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By Mangosuthu Buthelezi
Memories of a long brotherhood tempered in common struggle
Independent voices from the The Washington Times Communities
Topic - Albert And David Maysles
Middle-aged it may be, but Silverdocs — the showcase of nonfiction film (June 18 through 24) in Silver Spring — shows no sign of slowing down.
Bruce Springsteen pumped up the volume for music at last year's Toronto International Film Festival, and this year, the cinema showcase has cranked it up to 11.
Richard Leacock, a documentary filmmaker and pioneer of the unobtrusive camera technique cinema verite who followed John F. Kennedy on his presidential campaign and was seen by some as the grandfather of reality television, has died at age 89.
Albert Maysles could have rested on his laurels decades ago. He and his late brother, David, pioneered documentary feature filmmaking with their American take on cinema verite, evident in such classic portraits as 1968's "Salesman," about four door-to-door Bible salesmen, and 1976's "Grey Gardens," which showed the squalid lives of two secluded relatives of Jacqueline Kennedy (and was recently turned into an unlikely musical).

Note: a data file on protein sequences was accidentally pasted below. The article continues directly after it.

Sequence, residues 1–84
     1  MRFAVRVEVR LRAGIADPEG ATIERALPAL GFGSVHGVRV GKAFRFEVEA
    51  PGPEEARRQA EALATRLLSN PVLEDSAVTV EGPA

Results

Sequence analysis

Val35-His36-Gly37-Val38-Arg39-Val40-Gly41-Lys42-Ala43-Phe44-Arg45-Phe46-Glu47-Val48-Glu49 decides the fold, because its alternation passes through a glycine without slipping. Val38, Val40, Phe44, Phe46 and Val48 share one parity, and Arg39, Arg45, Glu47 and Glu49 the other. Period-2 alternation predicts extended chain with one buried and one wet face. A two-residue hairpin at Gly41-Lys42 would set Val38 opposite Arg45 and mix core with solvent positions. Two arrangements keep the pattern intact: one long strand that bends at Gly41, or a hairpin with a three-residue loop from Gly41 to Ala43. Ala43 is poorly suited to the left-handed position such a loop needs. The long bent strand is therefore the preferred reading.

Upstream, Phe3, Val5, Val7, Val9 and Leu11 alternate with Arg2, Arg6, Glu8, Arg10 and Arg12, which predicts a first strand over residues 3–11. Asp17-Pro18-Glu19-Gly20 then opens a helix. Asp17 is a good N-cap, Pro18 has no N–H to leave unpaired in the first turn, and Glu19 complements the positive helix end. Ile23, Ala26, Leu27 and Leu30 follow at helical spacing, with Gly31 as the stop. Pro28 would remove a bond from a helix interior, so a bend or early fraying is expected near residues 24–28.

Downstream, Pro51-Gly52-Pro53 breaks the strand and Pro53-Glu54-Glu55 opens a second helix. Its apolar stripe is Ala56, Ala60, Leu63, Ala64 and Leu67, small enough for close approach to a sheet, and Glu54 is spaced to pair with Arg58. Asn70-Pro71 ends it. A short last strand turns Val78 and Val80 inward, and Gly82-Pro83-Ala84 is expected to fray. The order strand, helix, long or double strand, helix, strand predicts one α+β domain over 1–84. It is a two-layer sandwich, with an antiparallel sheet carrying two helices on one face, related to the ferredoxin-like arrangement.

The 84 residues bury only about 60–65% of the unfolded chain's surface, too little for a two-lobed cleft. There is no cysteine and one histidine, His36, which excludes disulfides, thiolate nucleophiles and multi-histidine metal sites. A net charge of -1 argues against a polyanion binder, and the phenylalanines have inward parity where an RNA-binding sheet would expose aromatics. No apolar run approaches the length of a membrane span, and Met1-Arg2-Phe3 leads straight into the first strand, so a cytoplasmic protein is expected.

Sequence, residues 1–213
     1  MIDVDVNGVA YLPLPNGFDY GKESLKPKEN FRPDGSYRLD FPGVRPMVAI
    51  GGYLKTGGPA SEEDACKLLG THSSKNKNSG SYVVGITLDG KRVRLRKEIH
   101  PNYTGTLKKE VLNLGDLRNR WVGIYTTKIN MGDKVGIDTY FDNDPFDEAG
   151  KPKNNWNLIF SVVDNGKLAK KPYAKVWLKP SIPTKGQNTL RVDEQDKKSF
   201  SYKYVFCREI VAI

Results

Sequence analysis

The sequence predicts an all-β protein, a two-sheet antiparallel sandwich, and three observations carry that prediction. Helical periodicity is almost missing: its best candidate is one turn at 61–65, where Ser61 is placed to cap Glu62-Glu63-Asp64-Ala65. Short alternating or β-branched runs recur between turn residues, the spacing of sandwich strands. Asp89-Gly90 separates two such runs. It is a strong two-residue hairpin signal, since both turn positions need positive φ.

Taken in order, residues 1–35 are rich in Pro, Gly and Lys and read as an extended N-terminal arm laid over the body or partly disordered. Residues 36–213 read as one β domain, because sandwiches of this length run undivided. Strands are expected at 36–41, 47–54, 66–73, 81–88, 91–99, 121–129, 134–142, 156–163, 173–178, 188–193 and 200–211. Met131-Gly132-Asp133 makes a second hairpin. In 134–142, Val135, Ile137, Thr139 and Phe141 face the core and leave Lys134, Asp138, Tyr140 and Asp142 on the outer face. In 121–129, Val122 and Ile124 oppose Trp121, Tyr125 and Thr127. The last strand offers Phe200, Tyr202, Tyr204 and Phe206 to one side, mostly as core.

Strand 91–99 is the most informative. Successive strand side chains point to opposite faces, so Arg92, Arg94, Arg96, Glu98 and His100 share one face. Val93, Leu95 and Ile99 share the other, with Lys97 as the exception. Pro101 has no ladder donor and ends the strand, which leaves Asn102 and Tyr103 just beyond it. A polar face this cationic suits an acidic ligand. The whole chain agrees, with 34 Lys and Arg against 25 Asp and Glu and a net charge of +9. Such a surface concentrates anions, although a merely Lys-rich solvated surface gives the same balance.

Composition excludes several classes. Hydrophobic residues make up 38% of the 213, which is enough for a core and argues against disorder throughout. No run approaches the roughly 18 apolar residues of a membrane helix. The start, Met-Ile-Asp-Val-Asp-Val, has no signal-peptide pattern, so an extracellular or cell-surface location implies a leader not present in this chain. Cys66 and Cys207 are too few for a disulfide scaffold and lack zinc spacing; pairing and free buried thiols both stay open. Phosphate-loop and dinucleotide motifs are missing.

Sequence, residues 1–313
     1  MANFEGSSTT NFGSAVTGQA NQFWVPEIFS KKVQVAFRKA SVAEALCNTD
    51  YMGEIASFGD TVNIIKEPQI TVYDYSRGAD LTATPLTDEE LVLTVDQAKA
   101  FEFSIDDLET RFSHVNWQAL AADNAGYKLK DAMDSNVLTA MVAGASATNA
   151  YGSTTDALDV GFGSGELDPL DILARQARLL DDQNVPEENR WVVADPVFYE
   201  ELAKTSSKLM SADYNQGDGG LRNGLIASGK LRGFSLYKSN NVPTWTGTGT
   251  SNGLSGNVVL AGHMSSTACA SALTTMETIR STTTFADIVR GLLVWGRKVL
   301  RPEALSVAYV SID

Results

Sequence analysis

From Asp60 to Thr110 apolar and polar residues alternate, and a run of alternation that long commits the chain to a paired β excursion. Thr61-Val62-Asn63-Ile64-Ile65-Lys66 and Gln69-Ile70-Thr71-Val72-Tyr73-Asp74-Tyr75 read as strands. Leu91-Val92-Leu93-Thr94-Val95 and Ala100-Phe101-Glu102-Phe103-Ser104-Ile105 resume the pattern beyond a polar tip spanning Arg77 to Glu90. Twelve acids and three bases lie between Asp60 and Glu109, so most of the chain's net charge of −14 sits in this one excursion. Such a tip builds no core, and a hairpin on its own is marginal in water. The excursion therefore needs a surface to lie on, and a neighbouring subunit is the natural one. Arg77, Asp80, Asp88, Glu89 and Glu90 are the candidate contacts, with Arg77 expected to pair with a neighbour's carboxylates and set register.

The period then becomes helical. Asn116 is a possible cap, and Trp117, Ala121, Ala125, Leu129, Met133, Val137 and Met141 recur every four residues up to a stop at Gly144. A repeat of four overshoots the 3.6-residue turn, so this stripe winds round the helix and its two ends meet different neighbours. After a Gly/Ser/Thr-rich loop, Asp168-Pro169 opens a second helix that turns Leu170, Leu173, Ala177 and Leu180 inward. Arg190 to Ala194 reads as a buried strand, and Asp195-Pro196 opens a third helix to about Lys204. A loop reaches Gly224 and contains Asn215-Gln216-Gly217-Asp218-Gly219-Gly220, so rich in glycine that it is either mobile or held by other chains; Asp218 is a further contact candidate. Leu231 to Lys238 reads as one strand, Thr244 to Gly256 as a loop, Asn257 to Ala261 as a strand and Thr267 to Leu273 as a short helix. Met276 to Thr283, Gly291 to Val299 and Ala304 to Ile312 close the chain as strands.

"He had a poetic eye behind the camera, which gave him access to anybody because they sensed they could trust him," said documentary filmmaker Albert Maysles, who first worked with Leacock on "Primary," the seminal documentary that followed JFK's presidential campaign in Wisconsin.
"I could see his hands on the camera, cradling it in such a way that he could take good care of the people he was filming," Maysles said.